4 There are two logical possibilities for r: either (a): r = 0, which would show that a = qd 0 (so that d 0 a, which is what we want to prove) or (b): 1 r d 0 1 I will show that (b) cannot happen; this will finish the proof Proof that (b) cannot happen: Solving the equation a = qd 0 + r for r gives r = a qd 0 ; (6) then, substituting (ax 0 + by 0 ) in for d 0 in (6) gives We now make some algebra moves on (7): r = a q (ax 0 + by 0 ) (7) Equation (7) repeated r = a q (ax 0 + by 0 ) multiply through r = a qax 0 qby 0 factor a out of first two terms r = a (1 qx 0 ) qby 0 factor b out of righthand term r = a (1 qx 0 ) + b( qy 0 ) The last line shows that r is a linear combination of a and b If possibility (b) were true, then r would be a positive linear combination of a and b that is smaller than d 0, contradicting the fact that d 0 was chosen to be the smallest positive linear combination of a and b Thus, (b) cannot happen Proof of Theorem LC#2 is complete Theorem LC# 3 d 0 divides b Proof The proof of this is exactly parallel to the proof of LC#2, and will be left as an exercise Exercise 1 Prove Theorem LC#3 Up to this point, we have shown that d 0 is a common divisor of a and b, but we don t yet know that it is the greatest common divisor To establish this fact, I will show that if d 1 is any common divisor of a and b, then d 1 d 0 More is true: I will show that in fact d 1 d 0 (8) Theorem LC# 4 If d 1 a and d 1 b, then d 1 d 0 Proof Since d 1 a and d1 b, by Theorem LC#1, d1 divides any linear combination (ax + by) of a and b Since d 0 = ax 0 + by 0 is a linear combination of a and b [Equation (4)], d 1 must divide d 0 Proof of Theorem LC#4 is complete Two things are worth emphasizing at this point First, the LARGEST COMMON DIVISOR of a and b is the SMALL EST POSITIVE LINEAR COMBINATION of a and b Second, as (8) indicates, the gcd of a and b is not only LARGER than every other common divisor; it is a MULTIPLE of every other common divisor The final theorem in this group is the one that confirms the pattern we observed, namely that all of the table entries seem to be multiples of the gcd and that all the multiples of the gcd seem to be showing up in the table 4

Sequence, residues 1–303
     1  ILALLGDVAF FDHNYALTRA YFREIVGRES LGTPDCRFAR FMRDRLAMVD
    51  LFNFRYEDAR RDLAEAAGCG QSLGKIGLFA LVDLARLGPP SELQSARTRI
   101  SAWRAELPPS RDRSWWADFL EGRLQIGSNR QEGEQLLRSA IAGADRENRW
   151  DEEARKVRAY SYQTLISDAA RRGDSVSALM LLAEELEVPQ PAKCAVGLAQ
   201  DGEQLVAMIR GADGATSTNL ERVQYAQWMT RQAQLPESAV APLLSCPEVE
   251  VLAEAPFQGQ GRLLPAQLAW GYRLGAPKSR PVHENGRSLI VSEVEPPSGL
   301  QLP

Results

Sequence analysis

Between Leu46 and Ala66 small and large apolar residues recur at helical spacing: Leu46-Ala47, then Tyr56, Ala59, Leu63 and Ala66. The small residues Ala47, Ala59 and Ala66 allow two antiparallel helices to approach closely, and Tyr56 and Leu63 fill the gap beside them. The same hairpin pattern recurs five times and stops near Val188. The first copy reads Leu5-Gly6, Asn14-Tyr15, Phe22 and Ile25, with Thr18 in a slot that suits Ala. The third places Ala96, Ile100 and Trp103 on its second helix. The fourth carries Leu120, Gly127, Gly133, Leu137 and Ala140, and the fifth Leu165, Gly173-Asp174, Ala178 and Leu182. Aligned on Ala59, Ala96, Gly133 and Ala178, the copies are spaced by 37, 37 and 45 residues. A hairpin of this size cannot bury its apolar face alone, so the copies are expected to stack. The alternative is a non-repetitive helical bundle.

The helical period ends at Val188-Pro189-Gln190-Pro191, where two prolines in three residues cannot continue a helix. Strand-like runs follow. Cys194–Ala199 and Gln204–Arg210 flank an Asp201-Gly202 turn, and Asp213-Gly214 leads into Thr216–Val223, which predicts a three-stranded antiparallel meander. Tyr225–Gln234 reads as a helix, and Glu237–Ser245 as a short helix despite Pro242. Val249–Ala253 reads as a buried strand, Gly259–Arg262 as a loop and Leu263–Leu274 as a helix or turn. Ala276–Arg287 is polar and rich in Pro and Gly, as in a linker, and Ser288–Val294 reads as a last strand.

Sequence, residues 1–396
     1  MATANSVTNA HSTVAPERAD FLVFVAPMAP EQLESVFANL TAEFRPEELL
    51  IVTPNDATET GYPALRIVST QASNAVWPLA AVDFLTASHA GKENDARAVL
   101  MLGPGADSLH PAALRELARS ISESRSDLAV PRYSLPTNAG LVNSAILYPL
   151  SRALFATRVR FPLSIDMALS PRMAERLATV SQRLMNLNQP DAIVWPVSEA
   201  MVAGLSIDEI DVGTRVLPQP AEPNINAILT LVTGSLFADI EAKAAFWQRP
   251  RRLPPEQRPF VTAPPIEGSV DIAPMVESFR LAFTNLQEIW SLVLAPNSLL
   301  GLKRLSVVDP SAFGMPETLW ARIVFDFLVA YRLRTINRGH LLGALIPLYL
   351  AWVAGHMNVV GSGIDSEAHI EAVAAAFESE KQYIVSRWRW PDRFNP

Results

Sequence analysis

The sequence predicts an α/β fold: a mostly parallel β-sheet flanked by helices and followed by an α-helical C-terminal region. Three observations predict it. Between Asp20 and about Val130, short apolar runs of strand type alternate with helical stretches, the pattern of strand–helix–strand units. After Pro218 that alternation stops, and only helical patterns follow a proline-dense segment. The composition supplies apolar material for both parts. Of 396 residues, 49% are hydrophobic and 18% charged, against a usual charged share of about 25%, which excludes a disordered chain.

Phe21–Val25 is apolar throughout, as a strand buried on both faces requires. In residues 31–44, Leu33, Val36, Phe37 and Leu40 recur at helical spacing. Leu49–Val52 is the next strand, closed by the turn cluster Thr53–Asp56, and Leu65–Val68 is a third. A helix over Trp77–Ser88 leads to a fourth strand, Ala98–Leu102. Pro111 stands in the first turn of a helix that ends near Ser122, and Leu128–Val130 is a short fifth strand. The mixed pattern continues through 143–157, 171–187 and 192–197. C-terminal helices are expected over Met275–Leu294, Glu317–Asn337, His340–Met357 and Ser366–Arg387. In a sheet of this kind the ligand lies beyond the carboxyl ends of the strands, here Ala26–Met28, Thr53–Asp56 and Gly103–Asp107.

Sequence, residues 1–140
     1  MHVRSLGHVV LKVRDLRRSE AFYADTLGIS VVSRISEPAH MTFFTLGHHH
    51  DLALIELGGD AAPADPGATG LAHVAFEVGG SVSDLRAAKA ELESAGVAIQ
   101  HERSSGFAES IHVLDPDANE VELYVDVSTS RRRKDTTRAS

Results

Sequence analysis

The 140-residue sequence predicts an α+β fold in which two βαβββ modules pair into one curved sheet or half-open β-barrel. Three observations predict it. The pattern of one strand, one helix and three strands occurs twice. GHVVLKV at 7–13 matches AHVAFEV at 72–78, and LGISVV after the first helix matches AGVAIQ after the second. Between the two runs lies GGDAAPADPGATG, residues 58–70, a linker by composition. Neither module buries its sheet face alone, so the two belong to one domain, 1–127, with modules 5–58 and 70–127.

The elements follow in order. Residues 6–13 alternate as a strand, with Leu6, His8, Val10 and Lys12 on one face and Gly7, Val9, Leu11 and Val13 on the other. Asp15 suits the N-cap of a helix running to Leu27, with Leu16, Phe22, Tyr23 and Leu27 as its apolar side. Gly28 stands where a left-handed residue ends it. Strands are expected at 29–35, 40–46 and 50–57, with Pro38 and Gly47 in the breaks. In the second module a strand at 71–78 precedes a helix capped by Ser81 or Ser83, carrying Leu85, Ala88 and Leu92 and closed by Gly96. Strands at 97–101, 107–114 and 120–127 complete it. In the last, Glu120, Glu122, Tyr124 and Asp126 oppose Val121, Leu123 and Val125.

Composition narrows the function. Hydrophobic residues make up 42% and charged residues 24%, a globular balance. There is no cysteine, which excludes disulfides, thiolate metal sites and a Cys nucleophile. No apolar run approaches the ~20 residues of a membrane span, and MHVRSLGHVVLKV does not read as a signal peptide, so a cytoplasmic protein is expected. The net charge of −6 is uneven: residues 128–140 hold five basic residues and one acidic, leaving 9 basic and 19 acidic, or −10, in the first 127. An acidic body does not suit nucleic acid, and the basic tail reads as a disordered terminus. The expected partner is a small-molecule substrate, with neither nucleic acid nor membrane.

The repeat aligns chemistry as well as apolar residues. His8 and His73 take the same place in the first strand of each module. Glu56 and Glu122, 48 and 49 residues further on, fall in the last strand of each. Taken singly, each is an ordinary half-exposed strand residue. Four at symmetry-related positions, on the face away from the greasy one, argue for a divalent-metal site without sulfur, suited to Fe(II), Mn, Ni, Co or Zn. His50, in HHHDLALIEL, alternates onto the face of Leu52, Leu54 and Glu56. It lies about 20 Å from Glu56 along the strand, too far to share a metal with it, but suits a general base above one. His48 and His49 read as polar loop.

5 Theorem LC# 5 Let a and b be positive integers, and let d 0 = ax 0 + by 0 be the gcd 2 of a and b Then, for any integer n: n is a linear d 0 n combination of a and b Comment on how to prove this As mentioned before the proof of Theorem EA1 on the previous handout, the means two things: and If n is a linear combination of a and b, then n will also be a multiple of d 0 ( the = ); If n is a multiple of d 0, then n will also be a linear combination of a and b (the = ) These two things must be proved separately Proof (= ): By Theorems LC#2 and LC#3, we know that d 0 a and d0 b, so that by theorem LC#1, d 0 will divide every linear combination of a and b But we re given that n is a linear combination of a and b, so necessarily d 0 n Proof of = is complete Proof ( =): We re given that d 0 n, so that, for some k, n = kd 0 (9) The proof consists of replacing d 0 by (ax 0 + by 0 ) in Equation (9) and making some algebra moves: Equation (9) repeated n = kd 0 make the replacement n = k(ax 0 + by 0 ) multiply through n = kax 0 + kby 0 change order of multiplication in each term n = a(kx 0 ) + b(ky 0 ) The last equation above shows that n is a linear combination of a and b Proof of = is complete 2 d 0 was defined to be the smallest positive number in the linear combinations table, but we have now proved that d 0 = gcd(a, b) 5